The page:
We may be only a handful of days into the new year but time is already running short.
For the UK to deliver on its net zero ambition, the next 12 months can either pave the way for crucial final investment decisions to be made in 2024 or result in that capital moving elsewhere.
It means real and tangible progress – on passing necessary enabling legislation, providing clarity on business models for the infrastructure required to deliver and turning high level targets into defined policy – is not simply a desired outcome but an essential one.
It is the only way developers and investors can have the confidence to give vital decarbonisation projects the go ahead.
For developers of carbon capture and storage (CCS) projects, we need the UK Government to be clear on its ambition for this technology.
The price of inaction is high. We know the future we want to arrive at – it is one powered, in the main, by offshore wind and backed up by flexible and dispatchable power that is low-carbon in its own right.
It’s a future in which security of supply is assured and energy is affordable. Failure risks carbon lock-in for another generation, with decisions on extending the life of existing unabated assets and the addition of new unabated capacity looming.
Industry is pushing hard to make progress. Within SSE Thermal, we are developing several low-carbon options with a focus on carbon capture and hydrogen.
Just last month, we secured planning permission at our Keadby 3 Carbon Capture Power Station – making it the first Power CCS project in the UK to gain a Development Consent Order.
But this is just one part of the puzzle. While progress has been made in the UK Government’s Cluster Sequencing Process, we await a decision on the allocation of the first Dispatchable Power Agreements and whether Keadby 3 will be one of the projects chosen.
And perhaps more importantly, we have no line of sight on what the Government’s ambition is for Power CCS beyond ‘at least one’ Power CCS unit by mid-decade.
Power CCS offers many advantages when it comes to decarbonising the GB electricity system en route to net zero.
Indeed, research from LCP Delta, commissioned by SSE, shows that the UK Government’s proposed emissions reductions from electricity for 2035 could be accelerated to 2030 by combining its 50GW offshore wind ambition with a step up in deployment of Power CCS.
By adding between 7-9GW of Power CCS to the UK’s 2030 offshore wind ambition, an additional 18 million tonnes of CO2 could be saved by 2040 through limiting carbon emissions during periods when the sun isn’t shining and the wind isn’t blowing.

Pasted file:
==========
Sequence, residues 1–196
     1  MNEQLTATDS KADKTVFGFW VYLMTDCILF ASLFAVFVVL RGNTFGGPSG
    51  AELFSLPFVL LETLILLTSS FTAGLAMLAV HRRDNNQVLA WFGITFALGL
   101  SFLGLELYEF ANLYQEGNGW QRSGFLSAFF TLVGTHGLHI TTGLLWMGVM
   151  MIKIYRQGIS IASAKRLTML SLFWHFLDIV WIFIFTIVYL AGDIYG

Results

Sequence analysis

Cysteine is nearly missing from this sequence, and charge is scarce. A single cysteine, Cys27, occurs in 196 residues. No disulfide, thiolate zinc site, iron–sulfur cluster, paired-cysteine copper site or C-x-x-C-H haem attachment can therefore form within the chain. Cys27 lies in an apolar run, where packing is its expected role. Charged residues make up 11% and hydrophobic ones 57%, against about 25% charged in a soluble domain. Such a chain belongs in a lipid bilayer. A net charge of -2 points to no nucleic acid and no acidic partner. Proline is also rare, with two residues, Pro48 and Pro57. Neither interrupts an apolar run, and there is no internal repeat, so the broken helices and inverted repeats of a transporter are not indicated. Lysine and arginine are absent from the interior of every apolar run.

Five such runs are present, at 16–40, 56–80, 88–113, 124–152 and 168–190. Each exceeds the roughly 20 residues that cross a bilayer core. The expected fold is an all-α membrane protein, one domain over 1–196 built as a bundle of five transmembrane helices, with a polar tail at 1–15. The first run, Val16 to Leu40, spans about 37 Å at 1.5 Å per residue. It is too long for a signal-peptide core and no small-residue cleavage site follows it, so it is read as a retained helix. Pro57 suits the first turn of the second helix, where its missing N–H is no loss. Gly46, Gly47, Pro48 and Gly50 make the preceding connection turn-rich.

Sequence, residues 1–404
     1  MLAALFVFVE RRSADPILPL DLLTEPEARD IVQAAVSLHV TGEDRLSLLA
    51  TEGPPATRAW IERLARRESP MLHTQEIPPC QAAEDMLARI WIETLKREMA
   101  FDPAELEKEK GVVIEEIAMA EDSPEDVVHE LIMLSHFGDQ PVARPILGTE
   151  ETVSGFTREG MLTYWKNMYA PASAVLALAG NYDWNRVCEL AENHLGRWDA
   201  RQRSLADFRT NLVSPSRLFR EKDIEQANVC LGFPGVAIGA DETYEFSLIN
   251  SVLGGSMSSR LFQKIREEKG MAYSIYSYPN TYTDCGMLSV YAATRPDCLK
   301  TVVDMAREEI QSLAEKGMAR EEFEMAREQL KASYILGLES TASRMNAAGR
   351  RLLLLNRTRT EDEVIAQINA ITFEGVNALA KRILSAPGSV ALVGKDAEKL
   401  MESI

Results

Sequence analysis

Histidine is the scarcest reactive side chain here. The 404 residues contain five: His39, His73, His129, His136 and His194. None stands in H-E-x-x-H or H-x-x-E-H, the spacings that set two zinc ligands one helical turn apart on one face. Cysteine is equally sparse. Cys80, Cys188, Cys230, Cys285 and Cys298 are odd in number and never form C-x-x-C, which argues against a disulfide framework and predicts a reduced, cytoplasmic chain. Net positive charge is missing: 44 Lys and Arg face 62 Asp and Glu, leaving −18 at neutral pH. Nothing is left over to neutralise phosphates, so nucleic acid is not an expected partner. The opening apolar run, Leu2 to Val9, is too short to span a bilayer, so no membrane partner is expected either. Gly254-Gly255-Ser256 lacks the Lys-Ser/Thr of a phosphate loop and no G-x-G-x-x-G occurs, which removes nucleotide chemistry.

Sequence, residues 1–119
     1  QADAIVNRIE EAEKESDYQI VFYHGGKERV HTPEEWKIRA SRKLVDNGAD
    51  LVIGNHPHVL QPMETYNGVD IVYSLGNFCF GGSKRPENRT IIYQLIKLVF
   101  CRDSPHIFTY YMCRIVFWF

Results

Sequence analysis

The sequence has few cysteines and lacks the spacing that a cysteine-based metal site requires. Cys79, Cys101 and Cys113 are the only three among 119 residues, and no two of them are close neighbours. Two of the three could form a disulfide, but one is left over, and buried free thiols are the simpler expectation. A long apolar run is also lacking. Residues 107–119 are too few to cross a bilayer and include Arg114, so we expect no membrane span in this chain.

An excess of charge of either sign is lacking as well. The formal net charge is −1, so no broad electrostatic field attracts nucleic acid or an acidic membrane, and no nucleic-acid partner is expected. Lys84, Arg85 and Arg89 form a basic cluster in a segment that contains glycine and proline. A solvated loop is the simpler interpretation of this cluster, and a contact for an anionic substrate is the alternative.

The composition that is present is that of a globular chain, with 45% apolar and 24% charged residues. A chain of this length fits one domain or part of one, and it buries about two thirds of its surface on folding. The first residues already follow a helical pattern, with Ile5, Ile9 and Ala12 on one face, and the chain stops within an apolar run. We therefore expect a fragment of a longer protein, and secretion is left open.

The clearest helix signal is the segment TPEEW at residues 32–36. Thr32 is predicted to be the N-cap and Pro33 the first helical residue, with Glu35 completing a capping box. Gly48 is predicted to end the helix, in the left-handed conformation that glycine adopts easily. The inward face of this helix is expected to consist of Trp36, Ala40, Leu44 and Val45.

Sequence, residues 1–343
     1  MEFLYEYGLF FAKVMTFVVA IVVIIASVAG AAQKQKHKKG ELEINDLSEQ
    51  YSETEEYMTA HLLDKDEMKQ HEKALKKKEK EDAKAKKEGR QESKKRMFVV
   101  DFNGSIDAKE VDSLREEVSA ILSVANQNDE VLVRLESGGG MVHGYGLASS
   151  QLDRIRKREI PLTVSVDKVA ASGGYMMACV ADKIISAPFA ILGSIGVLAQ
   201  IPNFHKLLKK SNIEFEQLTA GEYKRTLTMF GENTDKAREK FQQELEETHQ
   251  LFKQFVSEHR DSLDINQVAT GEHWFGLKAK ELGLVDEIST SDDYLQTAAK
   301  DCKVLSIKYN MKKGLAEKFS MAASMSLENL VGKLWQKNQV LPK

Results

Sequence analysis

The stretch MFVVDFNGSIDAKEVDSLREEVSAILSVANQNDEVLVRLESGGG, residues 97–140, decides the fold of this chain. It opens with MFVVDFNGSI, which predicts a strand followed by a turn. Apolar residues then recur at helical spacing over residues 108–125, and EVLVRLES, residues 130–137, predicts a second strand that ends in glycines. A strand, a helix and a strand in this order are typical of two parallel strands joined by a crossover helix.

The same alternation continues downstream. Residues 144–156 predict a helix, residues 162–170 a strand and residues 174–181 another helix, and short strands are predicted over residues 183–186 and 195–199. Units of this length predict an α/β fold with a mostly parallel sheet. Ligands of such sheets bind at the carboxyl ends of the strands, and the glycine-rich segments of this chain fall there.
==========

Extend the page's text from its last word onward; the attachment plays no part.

That isn’t to say Power CCS is the entire solution, but under current plans its potential contribution to the future energy system simply isn’t being fully realised.
That’s why greater ambition and action is needed, especially as it would give developers the confidence to bring forward these projects for delivery by 2030.
That’s a message I made clear when I appeared at the BEIS Select Committee on decarbonisation of the power sector in November.
It’s also important to consider how Power CCS in our industrial clusters can underpin the development of a hydrogen economy.
The potential of hydrogen is well-trailed, not only in power generation but also in the wider decarbonisation of hard-to-abate sectors.
SSE Thermal sees a significant role for hydrogen power generation alongside Power CCS, with both technologies offering flexible capacity to support a renewables-led transition.
However, hydrogen is at a much earlier stage of maturity than Power CCS as an economic and scalable route to decarbonization and investment is needed to establish its potential.
Next month, the UK will mark its first-ever Hydrogen Week and at SSE Thermal we are taking the bull by its horns and progressing a unique project.
The Aldbrough Hydrogen Pathfinder would unite hydrogen production, storage and power generation in one location by the middle of this decade and support the evidence base for wider deployment of flexible hydrogen power.
Fundamentally, the project aims to prove the integral role hydrogen can play in the UK’s net zero journey.
It forms a key element of our wider plans to decarbonise the Humber – the UK’s most carbon-intensive industrial cluster – and we believe it will clearly showcase how electrolytic hydrogen can provide home-grown security of supply while adding vital flexibility to our electricity system.
SSE Thermal is incredibly well placed for delivery, not only of this project but of the many other low-carbon developments we are aiming to bring forward across the UK.
Company-wide, SSE is investing more than we earn in profits and we believe alongside renewables, both Power CCS and Hydrogen are crucial technologies to bring the UK to net zero.
But the clock is now ticking. By our own estimates, if the system investment required to meet 2030 targets had been delivered by 2022, around £30bn would have been saved in GB expenditure on gas last year.
That underlines the cost of delay and inaction. So, let’s ensure that we aren’t left ruing what might have been as the clock strikes midnight at the end of 2023.
Instead, let’s make the decisions today so we can all feel the benefit tomorrow.